I don’t know about you, but taking risks is not one of my favourite things to do in life. As a child I was always cautious and careful and therefore mostly avoided childhood injuries. I have always been careful in decisions I have made and don’t like to rush into things unless I know they will work and will be ok.
This time a year ago, my hubby & I decided we would take a HUGE risk and MASSIVE step of faith in opening firstly a Christian charity/ministry (HTL Ministries), but also in opening our own non-profit fitness centre, Fit 4 Life under that Christian charity. The idea is sound, people encouraged us to take this step and God provided the initial resources through investments we had.
But now comes the real test….we’re open, we’re seeing people join, but being non-profit we’re reliant on the donations of others. Right now we need to raise a bit of money to reimburse money loaned to get us started as well as making some improvements along the way. It is a daunting task especially for my hubby as he’s the one doing all the “raising”. It’s a great opportunity to trust in God to provide even when we just don’t see how.
It’s a big risk, but as I said to my hubby….”much better doing this risk then sitting at home washing dishes and that’s all there is to my life”. Are we doing things outside our comfort zones? YUP!!! But I love a verse in the Bible that says “I can do all things through Christ who strengthens me” Phil 4:13. That verse says it all for me. So, risks aren’t my favourite thing, but here I am in the middle of a HUGE risk and I believe that we can make it work through Christ.
Here’s to taking a risk today….even if it is a teeny tiny one!!
Christy – Fit 4 Life Staff
One Saturday morning a few months ago, my daughter made our family some pancakes for breakfast. They looked great; they smelled great; we were all hungry and looking forward to eating them. There was just one problem… they tasted disgusting. We ended up throwing them all into the bin, because it turned out she had accidently put baking soda into the recipe instead of baking powder!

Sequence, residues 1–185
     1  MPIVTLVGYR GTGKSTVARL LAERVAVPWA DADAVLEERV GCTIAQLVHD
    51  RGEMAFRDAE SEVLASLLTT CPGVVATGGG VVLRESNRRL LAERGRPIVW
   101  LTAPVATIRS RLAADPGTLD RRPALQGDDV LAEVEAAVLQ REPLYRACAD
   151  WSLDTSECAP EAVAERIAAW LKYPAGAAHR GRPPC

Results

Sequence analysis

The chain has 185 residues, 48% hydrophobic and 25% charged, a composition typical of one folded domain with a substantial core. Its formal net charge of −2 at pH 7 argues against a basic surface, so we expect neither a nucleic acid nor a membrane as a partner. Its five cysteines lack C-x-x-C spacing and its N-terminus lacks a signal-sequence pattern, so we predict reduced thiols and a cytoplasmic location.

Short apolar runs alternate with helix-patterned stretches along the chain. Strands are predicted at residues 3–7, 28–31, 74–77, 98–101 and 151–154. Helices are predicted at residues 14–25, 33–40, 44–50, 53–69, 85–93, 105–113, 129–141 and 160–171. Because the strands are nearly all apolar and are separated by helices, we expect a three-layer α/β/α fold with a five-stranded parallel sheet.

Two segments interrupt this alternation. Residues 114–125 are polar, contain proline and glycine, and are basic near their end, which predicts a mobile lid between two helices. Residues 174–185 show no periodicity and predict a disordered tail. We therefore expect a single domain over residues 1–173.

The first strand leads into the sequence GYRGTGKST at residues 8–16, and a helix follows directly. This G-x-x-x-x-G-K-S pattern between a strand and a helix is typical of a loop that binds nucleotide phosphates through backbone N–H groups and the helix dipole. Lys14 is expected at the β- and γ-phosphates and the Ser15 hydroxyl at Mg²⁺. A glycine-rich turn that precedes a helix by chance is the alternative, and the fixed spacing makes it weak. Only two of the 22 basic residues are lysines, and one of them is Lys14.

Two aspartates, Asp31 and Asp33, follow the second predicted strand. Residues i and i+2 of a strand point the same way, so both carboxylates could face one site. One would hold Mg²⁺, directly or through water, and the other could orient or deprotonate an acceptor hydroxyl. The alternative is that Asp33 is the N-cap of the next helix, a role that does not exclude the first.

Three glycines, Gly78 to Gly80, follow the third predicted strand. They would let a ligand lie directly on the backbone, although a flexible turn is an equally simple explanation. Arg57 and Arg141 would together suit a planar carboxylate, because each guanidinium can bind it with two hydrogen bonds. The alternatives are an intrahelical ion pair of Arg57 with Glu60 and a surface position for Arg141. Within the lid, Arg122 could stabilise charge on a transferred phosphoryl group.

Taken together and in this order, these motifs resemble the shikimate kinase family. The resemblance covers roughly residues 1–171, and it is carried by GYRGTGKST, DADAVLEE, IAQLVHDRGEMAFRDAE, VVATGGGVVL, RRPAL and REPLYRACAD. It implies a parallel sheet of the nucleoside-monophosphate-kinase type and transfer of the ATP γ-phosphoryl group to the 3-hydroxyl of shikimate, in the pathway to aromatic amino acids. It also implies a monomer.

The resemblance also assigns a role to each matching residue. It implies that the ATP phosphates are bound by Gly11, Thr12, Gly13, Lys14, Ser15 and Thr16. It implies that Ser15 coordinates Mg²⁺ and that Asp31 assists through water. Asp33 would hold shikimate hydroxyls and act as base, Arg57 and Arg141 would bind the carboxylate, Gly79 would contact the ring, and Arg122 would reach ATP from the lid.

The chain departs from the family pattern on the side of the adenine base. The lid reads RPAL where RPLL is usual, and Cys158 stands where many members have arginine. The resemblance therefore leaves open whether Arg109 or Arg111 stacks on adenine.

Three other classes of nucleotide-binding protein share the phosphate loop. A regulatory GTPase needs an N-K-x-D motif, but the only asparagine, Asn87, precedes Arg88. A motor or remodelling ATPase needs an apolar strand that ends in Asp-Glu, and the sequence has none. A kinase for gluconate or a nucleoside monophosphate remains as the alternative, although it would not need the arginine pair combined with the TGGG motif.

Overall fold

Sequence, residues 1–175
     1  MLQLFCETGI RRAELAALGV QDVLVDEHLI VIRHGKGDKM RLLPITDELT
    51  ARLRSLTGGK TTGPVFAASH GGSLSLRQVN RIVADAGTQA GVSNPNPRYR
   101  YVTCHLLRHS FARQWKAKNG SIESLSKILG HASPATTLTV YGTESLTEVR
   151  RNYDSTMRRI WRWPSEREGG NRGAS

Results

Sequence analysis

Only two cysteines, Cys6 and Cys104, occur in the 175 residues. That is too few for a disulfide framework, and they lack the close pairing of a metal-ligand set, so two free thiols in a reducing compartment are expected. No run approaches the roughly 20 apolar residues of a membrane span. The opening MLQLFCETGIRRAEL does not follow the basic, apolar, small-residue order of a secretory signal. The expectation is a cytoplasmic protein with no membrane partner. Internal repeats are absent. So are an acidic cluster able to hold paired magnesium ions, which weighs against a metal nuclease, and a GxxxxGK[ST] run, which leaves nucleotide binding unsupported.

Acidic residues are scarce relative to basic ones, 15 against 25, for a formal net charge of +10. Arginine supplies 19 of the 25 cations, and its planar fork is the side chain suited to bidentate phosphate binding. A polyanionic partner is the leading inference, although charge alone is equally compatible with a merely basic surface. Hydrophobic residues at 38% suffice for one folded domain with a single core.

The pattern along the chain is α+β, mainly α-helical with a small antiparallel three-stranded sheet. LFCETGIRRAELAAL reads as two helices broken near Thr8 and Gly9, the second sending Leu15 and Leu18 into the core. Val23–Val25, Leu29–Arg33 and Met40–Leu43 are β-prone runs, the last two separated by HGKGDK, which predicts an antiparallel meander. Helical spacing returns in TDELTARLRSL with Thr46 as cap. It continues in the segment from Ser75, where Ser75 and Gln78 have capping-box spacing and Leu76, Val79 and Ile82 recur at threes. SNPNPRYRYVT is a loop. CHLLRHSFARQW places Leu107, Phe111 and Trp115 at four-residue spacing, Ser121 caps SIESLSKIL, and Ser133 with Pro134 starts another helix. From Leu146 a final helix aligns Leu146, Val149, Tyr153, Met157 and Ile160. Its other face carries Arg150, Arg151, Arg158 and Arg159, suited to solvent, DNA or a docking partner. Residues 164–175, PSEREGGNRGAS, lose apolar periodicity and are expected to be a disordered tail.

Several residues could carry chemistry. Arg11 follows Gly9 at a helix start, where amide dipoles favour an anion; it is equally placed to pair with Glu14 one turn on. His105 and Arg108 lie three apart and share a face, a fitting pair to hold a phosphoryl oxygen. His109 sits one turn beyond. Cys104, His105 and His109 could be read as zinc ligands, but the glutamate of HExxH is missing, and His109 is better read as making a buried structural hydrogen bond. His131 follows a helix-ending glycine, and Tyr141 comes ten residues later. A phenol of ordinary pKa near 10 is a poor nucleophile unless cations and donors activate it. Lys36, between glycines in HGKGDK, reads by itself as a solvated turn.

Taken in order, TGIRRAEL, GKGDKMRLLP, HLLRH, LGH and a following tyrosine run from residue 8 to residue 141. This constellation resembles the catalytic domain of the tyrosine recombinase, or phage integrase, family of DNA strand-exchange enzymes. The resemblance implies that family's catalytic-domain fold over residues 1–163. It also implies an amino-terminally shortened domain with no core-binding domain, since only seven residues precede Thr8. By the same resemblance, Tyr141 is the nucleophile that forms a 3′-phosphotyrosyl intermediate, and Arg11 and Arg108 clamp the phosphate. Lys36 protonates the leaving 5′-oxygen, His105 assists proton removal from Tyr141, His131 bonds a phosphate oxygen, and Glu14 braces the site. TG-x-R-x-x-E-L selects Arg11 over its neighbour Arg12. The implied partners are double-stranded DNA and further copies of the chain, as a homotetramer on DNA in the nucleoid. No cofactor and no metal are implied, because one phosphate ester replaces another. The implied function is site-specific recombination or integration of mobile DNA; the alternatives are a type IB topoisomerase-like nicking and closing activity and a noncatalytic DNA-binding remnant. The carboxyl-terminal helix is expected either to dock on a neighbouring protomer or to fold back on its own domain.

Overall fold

Finding investment success can be challenging even at the best of times, but it’s a lot like following a recipe to bake a cake – or pancakes. If you get the ingredients right you can end up with a great financial outcome, but if you mess up even one of the ingredients you can end up with a disaster on your hands.
So here’s my thoughts on six ingredients that are necessary for finding investment success…
- Surplus – An ancient piece of wisdom teaches ‘the ruin of the poor is their poverty’. This is very true; those who have no surplus money to put aside for investing or to better their financial future will struggle to break out of the cycle of poverty. And all the financial planning in the world – no matter how brilliant – cannot help someone who has no surplus money to invest. However for those blessed to be living in the Western world, having at least some surplus wealth is often not as much of a challenge as it can be for those living in third world economies. While you may not have much, there is usually some way for Westerners to put at least something aside to invest. Having something to invest is the first and most basic ingredient, and nothing can be achieved without having money to invest.